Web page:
Overall, there is a strong perception of gender-based inequity, and the data tends to bear this out, women are under-represented by every measure of participation. There is a striking scarcity of women in senior leadership and management roles; trained women tend to leave the profession by stepping sideways into aligned disciplines or not returning from a career break.
There is evidence of gender-based pay inequity, and of the sidelining of both female and male architects working part-time, with women over-represented among those part-time workers. The ingrained long-hours culture of architectural practice impacts disproportionately on women. And while low pay, long hours and difficulty reconciling professional and family life are also problems for men in the profession, they impact on women in different and compounded ways.
Alas, the near-equal gender split in architecture school described above is not continued in the workforce. Gill Matthewson has crunched the numbers to show that women only form 21% of registered architects compared with 36% of equivalently qualified women in medicine and 46% of women in the law.
Parlour hasn’t taken a narrow view of the profession, however, and can see that the broad problems facing women complement those faced by men, that we are all in the same bind together, and while women clearly deserve equality in terms of pay and power, the long hours, no overtime/low pay culture is a problem in different ways for both sexes and, indeed, for the profession as a whole.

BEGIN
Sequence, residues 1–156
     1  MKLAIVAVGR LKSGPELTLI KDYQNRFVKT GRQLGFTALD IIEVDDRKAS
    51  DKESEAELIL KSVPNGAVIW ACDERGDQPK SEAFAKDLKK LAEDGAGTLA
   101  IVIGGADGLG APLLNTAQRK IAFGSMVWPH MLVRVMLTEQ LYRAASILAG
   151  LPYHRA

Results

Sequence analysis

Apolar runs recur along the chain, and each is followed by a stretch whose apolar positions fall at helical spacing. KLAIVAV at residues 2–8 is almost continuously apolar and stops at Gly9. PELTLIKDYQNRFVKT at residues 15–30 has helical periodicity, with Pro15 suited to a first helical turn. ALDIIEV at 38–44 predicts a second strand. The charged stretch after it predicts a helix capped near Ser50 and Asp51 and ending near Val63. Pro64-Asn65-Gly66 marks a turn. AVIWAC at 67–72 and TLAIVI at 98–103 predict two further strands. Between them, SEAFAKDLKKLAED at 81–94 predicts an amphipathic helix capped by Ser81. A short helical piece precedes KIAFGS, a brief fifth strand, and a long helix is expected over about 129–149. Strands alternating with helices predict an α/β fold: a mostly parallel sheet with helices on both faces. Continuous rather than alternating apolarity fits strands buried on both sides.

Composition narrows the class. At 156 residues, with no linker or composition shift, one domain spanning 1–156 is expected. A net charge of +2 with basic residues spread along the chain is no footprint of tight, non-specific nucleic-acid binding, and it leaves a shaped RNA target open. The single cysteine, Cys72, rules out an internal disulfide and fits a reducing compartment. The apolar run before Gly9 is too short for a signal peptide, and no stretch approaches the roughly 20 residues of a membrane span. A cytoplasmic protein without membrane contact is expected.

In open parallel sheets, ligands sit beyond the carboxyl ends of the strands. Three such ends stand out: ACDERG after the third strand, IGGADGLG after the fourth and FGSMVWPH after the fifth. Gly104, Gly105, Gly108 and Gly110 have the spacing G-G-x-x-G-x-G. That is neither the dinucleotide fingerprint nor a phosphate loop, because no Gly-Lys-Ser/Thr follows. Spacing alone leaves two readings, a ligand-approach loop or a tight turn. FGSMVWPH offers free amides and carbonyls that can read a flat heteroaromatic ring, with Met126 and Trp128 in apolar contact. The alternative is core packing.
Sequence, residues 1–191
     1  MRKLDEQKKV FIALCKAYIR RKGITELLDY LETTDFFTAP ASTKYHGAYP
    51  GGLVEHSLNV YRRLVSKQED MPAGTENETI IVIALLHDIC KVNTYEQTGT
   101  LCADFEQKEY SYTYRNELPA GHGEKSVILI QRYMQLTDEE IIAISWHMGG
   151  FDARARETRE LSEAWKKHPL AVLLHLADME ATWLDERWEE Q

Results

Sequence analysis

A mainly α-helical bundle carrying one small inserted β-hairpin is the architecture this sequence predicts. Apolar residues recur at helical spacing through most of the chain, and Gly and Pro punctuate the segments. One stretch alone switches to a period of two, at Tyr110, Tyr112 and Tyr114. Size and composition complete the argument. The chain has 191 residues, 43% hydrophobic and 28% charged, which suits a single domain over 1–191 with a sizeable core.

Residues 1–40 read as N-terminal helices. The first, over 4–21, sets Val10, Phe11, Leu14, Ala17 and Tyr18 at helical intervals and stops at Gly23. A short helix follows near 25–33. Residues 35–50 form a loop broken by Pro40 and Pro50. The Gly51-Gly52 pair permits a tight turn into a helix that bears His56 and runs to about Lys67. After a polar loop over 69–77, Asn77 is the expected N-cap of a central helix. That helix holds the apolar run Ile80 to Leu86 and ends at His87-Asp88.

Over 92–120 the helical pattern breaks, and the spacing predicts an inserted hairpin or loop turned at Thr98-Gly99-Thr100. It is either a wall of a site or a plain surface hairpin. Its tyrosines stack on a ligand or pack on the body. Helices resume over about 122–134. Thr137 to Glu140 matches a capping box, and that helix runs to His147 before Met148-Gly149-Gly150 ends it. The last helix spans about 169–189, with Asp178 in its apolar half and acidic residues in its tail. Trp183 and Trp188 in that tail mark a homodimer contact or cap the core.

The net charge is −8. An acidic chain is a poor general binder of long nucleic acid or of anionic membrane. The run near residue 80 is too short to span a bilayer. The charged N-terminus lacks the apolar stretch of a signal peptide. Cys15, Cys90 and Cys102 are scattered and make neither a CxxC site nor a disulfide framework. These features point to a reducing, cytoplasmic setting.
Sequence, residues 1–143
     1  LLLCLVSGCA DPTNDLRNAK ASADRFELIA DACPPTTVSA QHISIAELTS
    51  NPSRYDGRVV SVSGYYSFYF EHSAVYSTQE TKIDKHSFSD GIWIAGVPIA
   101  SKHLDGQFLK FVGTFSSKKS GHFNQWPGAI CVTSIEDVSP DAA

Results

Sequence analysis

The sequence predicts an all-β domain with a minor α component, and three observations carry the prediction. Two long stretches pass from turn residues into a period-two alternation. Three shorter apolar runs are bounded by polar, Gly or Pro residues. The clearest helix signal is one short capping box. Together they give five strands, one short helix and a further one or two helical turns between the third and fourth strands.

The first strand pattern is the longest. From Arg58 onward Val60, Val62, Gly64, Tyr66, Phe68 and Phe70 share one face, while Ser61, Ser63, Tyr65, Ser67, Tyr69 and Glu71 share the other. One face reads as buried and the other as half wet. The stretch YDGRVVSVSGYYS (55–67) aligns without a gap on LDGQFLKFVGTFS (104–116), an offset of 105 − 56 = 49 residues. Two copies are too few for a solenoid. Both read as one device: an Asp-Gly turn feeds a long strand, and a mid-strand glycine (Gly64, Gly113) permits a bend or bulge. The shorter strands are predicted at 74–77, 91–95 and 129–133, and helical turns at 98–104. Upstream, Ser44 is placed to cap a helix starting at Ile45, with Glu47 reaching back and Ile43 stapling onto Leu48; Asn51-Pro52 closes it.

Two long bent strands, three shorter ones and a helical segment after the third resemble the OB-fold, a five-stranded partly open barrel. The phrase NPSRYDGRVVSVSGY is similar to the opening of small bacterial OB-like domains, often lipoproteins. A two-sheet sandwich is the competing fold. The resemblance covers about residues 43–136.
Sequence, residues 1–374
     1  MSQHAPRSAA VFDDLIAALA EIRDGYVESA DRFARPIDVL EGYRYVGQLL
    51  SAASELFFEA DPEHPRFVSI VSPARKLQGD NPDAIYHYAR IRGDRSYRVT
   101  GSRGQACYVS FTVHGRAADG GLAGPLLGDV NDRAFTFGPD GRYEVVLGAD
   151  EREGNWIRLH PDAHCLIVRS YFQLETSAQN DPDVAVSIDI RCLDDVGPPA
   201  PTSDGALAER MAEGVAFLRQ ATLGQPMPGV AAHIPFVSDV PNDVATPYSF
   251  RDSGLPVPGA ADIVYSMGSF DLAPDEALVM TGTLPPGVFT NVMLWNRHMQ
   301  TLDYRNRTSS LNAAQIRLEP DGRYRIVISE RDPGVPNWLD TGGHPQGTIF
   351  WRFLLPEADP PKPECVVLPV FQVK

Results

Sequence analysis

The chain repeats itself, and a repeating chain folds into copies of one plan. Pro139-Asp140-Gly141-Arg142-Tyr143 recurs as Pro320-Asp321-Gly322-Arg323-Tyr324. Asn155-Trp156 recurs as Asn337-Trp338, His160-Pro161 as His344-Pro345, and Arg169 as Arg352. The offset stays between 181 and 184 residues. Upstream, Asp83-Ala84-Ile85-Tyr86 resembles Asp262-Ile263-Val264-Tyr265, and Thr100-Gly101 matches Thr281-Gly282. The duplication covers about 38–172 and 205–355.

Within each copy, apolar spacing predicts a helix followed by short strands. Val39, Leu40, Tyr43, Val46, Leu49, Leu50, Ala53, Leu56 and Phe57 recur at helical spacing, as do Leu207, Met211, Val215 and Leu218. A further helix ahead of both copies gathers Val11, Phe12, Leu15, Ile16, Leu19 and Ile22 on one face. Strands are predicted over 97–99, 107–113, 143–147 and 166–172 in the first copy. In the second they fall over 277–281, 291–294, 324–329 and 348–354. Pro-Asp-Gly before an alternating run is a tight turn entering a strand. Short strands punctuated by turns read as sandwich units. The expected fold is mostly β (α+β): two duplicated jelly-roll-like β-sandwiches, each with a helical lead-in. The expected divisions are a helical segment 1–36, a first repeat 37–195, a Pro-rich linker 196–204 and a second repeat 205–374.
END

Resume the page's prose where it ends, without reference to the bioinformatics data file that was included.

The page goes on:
Now that architects are not chained to a drawing board, there is an opportunity to develop more flexible, different yet equal working arrangements for both men and women and, in particular, ones that support experienced and talented women to stay in the profession over their child-bearing years and later.
Equality in all ways is not just an abstract matter of natural justice, desirable as that may be. We need the practical involvement of all the best people of both sexes in all professions and workplaces if we are to prosper in sustainable ways and survive in an uncertain world.
I would like to think that Parlour’s endeavours will cause male architects to embrace more equitable change and start to correct the current situation, but also encourage them to join with their female colleagues in resolving the even graver survival problems facing the profession.
Parlour needs financial and moral support to bring about these desirable and evolving changes that will benefit all of us, and I strongly urge your support for them.
Come into the Parlour!
Note: This post was first published on Don Gazzard’s great blog, and we are delighted to republish it here.
Don Gazzard has practised as an architect and urban designer since 1960 and his buildings have won a number of architectural awards. He was elected a Life Fellow of the Royal Australian Institute of Architects in 1970. A prolific writer on architecture and urban affairs, he has also written several novels.